Last month we talked about WordPress and why the demand for WordPress websites is only going to grow. That’s why it’s so important to get started now and be at the front of this trend.
Today, I’d like to have Conrad Feagin – the founder of LearnWebDevelopment.com – explain why WordPress is so impressive and popular. But, first I have an announcement…
LearnWebDevelopment.com’s last WordPress Bootcamp was a huge success and sold out well before the deadline. Because of this they have announced another WordPress Bootcamp starting in December. Yes, it’s almost a month away, but there are three BIG benefits to registering now:
- 1. You’ll save $200 on early bird pricing (that’s over half off)!
- 2. You’ll get “Building Websites in WordPress” immediately so you can get started today.
- 3. You’ll secure your spot before they’re all gone.
Freelancers benefit greatly from having a freelancing blog.
But, a big obstacle for many freelancers (especially those freelancers who aren’t writers) is finding ideas to write about. This problem of knowing what to write on a freelancing blog keeps many freelancers from blogging.
In this post, I’ll give you a hand. I’ll share some ideas about topics you can blog about on your own freelancing blog. Then I’ll invite you to share your own topic ideas in the comments.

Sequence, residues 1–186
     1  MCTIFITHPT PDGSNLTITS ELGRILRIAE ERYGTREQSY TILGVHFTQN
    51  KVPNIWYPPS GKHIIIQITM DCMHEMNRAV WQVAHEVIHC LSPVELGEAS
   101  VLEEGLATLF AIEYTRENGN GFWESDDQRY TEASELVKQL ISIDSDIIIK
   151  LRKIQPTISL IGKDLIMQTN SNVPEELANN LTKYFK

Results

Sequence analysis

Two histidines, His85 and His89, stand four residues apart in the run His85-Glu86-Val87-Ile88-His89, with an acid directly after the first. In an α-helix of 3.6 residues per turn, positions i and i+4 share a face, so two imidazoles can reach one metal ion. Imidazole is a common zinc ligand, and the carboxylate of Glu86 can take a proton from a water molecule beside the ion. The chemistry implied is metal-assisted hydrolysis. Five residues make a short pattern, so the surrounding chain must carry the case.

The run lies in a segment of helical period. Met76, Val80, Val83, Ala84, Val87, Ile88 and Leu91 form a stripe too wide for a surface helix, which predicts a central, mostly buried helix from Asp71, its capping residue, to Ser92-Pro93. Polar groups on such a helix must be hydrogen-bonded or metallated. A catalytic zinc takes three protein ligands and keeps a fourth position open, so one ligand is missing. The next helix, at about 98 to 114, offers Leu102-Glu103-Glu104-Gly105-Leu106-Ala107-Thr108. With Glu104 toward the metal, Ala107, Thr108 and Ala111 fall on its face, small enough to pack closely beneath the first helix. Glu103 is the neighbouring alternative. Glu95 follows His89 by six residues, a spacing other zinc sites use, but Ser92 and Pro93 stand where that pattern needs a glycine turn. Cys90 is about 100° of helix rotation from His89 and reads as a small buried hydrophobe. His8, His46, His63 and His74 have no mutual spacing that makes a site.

Any long-term freelancer will tell you that most freelancers go through ups and downs–periods of high pay and periods of low pay. But the feast or famine cycle can take new freelancers by surprise.
While there are definitely some steps you can take to avoid the feast or famine cycle, for many freelancers the real questions is this–”How am I going to get through this slow period?”
In this post, I’ll provide five tips for surviving your freelancing famine periods (plus a bonus tip). Even if you’ve been freelancing for a while, you may find a freelance survival tip that you can use.
You’re about to discover how to face the one task that most freelancers probably dread–collecting a late payment.
When a client is late making a payment, it can set off a whole horrible negative train of thought starting with “I’m not going to be able to make my house payment/rent” and ending with “Did this client hate my work?”
But worse than the negative energy that a late payment creates is the very real fact that, like most freelancers, you rely on receiving your payments in a timely fashion so that you can live.
This is true, unless, of course:
- You’re independently wealthy and freelancing is your hobby.
- You live with mom and dad and freelancing provides your fun money.
If those two points apply to you, you probably won’t care much about this post. For the rest of us, though, a late payment is a serious thing and a seriously late payment is a dreaded thing.
In this post, I’ll explain how you can develop a proactive process to minimize the number of late payments that you face. I’ll also explain what to do after a payment is late.
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